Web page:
Posts Tagged ‘Upper Level Management’

Employee Prioritization

Wednesday, April 6th, 2011

As a vendor you will be required to often work with many individuals that make up your client as a whole or by dealing with an individual who represents the entire company. When you work with certain individuals however it is a common that they disassociate what the true purpose of the project is. An employee outside of the upper management ring is more likely to focus on their own personal needs and inquire about issues that relate solely to their position. Often this case of being assigned a primary contact to work with throughout the project will cause deviation from what has been deemed the plan of action. Although it is natural for tunnel vision to occur within projects it is important that as a vendor you take the responsibility to make sure that you are always on the same page as your client’s upper management. An individual may not have a grasp of the full picture that their respective company is aiming for. Accomplishing the goals set by the client as a whole should always be your main objective and should not be clouded by an individual’s side comments or ideas. It’s best that you keep your priorities in check and constantly refer back to the true decision makers before beginning or modifying existing specifications. Stepping away from the true issues will often result into prolonged work which can only lengthen the expected time for product completion.

Escalating Issues with Clients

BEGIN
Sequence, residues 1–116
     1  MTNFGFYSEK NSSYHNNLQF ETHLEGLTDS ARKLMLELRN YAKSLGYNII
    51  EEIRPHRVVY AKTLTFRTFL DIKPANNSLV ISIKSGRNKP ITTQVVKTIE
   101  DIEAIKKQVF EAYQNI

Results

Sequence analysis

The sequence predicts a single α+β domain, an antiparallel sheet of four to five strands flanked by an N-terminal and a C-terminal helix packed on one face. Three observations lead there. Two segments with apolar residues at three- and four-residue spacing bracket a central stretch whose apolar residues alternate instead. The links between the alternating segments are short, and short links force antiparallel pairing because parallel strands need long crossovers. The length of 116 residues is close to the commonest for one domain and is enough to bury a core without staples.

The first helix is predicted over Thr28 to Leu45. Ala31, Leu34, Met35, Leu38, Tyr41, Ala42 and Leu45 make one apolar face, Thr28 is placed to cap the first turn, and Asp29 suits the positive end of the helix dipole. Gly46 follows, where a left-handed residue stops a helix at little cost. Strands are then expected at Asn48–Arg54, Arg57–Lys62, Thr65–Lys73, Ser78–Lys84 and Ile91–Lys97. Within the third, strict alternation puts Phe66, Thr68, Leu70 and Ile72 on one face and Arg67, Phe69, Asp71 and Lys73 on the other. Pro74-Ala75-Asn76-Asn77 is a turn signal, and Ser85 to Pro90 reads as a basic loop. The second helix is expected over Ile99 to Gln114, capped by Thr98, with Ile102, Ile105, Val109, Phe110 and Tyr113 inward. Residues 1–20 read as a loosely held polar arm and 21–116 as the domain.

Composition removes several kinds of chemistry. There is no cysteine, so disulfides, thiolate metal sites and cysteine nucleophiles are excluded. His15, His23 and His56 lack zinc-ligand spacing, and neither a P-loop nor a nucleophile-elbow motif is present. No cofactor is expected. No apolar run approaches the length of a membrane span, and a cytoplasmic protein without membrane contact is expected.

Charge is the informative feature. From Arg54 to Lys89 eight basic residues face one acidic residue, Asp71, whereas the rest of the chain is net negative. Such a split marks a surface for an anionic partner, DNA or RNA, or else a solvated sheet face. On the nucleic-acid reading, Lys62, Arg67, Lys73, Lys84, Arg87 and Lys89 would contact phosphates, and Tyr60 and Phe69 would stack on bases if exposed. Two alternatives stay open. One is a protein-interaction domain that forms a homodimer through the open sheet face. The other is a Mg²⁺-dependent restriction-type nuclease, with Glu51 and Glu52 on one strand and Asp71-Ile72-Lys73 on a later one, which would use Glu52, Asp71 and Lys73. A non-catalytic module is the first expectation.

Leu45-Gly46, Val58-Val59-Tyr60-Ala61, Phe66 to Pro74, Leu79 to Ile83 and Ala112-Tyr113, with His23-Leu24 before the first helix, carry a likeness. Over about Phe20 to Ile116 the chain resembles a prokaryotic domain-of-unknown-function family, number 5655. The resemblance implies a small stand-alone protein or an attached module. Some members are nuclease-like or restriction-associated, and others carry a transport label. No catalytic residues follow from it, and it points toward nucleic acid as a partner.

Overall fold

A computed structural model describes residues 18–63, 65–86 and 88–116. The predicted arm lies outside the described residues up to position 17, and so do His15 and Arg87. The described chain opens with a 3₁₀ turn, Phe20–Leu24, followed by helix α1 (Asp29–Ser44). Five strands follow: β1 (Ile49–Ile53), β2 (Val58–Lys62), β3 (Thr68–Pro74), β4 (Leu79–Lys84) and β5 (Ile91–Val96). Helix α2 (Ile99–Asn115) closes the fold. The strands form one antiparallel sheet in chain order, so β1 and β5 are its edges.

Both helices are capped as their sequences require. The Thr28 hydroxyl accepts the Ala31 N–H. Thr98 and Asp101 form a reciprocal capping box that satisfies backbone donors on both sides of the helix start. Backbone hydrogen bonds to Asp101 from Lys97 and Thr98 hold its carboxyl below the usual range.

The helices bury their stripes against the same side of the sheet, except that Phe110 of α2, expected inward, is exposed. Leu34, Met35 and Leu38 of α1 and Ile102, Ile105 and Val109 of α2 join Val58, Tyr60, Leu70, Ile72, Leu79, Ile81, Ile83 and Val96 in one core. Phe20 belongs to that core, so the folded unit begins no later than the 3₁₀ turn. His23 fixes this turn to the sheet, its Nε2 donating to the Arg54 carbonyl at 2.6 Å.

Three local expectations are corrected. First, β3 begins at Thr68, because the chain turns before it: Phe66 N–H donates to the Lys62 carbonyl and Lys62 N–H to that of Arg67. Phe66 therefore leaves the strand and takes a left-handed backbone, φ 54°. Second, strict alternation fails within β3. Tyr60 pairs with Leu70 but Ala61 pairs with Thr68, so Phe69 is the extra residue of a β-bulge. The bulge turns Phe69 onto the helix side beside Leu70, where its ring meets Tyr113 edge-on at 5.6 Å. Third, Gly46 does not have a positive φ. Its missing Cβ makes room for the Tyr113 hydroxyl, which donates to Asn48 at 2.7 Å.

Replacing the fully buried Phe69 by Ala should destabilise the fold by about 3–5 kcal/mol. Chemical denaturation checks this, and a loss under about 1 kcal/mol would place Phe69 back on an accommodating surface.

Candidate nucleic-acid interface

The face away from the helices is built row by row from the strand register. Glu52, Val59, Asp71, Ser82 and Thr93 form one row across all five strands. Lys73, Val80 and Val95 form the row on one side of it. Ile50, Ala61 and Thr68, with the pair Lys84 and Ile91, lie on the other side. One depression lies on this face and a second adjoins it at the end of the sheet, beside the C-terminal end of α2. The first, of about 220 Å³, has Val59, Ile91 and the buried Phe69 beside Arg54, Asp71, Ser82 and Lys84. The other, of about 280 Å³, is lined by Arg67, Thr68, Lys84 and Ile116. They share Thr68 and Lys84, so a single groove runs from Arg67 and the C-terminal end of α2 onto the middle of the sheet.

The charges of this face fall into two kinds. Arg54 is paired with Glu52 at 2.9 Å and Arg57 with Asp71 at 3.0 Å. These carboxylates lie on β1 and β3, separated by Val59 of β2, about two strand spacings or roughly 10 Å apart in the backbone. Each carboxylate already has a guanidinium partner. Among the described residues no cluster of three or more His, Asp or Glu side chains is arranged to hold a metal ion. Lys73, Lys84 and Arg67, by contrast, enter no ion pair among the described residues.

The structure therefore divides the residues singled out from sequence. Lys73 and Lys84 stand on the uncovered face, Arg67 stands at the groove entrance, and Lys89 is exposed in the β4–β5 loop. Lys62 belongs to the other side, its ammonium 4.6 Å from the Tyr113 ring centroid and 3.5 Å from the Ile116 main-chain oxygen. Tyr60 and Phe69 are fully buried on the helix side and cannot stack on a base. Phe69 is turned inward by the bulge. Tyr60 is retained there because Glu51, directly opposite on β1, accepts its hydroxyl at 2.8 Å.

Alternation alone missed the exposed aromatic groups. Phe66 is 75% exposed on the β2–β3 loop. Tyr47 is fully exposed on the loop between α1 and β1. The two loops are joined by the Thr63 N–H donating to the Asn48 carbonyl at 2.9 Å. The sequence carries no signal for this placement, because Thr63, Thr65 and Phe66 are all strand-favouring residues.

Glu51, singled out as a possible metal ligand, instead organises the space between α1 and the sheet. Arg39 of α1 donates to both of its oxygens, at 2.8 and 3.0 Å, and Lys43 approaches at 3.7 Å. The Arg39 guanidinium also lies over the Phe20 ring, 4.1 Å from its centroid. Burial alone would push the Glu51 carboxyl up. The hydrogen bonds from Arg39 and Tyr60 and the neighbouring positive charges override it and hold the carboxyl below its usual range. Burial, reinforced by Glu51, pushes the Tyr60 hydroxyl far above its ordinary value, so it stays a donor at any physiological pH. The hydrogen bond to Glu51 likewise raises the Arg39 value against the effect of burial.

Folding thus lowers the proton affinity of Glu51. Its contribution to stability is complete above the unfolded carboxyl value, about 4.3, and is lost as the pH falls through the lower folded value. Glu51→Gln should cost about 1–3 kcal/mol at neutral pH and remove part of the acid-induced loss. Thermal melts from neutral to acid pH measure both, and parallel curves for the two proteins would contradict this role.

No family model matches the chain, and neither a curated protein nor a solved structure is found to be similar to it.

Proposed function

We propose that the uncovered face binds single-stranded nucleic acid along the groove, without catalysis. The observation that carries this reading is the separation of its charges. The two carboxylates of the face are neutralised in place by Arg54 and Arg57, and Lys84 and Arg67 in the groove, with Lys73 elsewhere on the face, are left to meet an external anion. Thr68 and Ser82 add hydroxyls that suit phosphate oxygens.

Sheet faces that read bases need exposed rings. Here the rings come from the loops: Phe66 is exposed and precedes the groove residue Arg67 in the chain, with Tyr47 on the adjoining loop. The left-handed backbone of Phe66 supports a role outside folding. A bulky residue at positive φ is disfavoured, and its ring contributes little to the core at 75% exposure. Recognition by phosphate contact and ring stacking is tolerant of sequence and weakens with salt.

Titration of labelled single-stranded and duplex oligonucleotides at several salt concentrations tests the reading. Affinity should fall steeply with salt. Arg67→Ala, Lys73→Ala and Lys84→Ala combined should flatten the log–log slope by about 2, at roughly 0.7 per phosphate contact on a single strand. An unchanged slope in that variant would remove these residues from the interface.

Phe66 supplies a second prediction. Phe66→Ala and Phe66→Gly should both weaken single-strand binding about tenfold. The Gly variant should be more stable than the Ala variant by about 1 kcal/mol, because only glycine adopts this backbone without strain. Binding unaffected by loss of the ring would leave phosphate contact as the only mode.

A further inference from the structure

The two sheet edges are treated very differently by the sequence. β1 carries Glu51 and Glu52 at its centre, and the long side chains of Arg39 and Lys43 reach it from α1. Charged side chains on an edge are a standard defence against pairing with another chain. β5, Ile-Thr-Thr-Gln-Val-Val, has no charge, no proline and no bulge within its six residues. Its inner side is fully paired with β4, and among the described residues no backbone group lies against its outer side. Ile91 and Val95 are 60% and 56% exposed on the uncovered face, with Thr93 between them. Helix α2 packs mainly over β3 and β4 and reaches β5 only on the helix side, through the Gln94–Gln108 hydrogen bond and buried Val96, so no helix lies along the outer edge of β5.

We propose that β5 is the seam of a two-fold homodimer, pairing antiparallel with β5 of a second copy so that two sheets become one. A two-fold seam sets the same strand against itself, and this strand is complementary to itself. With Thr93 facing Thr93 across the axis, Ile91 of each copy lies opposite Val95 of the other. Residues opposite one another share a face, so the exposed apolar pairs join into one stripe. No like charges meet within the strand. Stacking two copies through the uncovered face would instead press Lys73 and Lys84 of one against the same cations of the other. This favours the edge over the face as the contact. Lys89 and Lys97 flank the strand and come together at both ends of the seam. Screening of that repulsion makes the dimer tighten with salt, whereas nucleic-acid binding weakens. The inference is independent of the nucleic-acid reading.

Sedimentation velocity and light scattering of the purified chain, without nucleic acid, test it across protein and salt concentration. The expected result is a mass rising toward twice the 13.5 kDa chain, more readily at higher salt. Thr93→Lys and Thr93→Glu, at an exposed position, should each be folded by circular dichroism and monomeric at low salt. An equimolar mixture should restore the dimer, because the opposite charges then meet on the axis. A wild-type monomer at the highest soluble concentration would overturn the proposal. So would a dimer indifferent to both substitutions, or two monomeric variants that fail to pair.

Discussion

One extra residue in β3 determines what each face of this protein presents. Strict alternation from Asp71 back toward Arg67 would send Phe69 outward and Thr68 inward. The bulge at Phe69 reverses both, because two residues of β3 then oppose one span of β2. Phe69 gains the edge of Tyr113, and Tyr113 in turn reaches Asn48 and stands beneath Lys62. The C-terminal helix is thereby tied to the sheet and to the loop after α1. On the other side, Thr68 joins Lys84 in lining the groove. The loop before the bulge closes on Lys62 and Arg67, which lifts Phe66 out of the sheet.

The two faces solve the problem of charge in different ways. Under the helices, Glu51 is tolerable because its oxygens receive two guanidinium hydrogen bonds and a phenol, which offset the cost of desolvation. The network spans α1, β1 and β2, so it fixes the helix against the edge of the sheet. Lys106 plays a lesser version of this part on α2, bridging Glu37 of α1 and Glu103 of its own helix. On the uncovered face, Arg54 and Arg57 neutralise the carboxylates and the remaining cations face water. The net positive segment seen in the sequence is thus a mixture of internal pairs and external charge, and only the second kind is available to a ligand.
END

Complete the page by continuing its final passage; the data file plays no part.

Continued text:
Thursday, March 17th, 2011

As a service company your main objective is to make sure that the company you are working for is completely satisfied. It’s important that you collaborate with all portions of the company but seek upper level management to finalize and ensure any decision making. Sometimes the thinking between different tiers of workers within a company will differ completely; it’s up to the highest ranking individuals to determine what is right and wrong for the project. The last thing you want is to be caught in the middle of a disagreement within the company where blame may be pushed around. When communicating with mid-level workers for the company your working for you should always take their ideas into consideration and carry that information along as the project progresses. Although mistakes are often made it’s vital that you as a vendor can manage the project and verify all decisions throughout the company before moving forward. Keeping open conversation between all the active participants can enable a transparency where everyone can be kept on the same page and productive.  Although it is often not the vendors fault for miscommunication or other internal company errors, it’s still important that you take responsibility for the project and get clearer information from higher level superiors. This practice of ensuring that the company itself has worked out ideas and decisions will help smooth out the process as a whole. In order to better the partnership between you and your customers you must make sure that everyone who has a say all share the same common goal.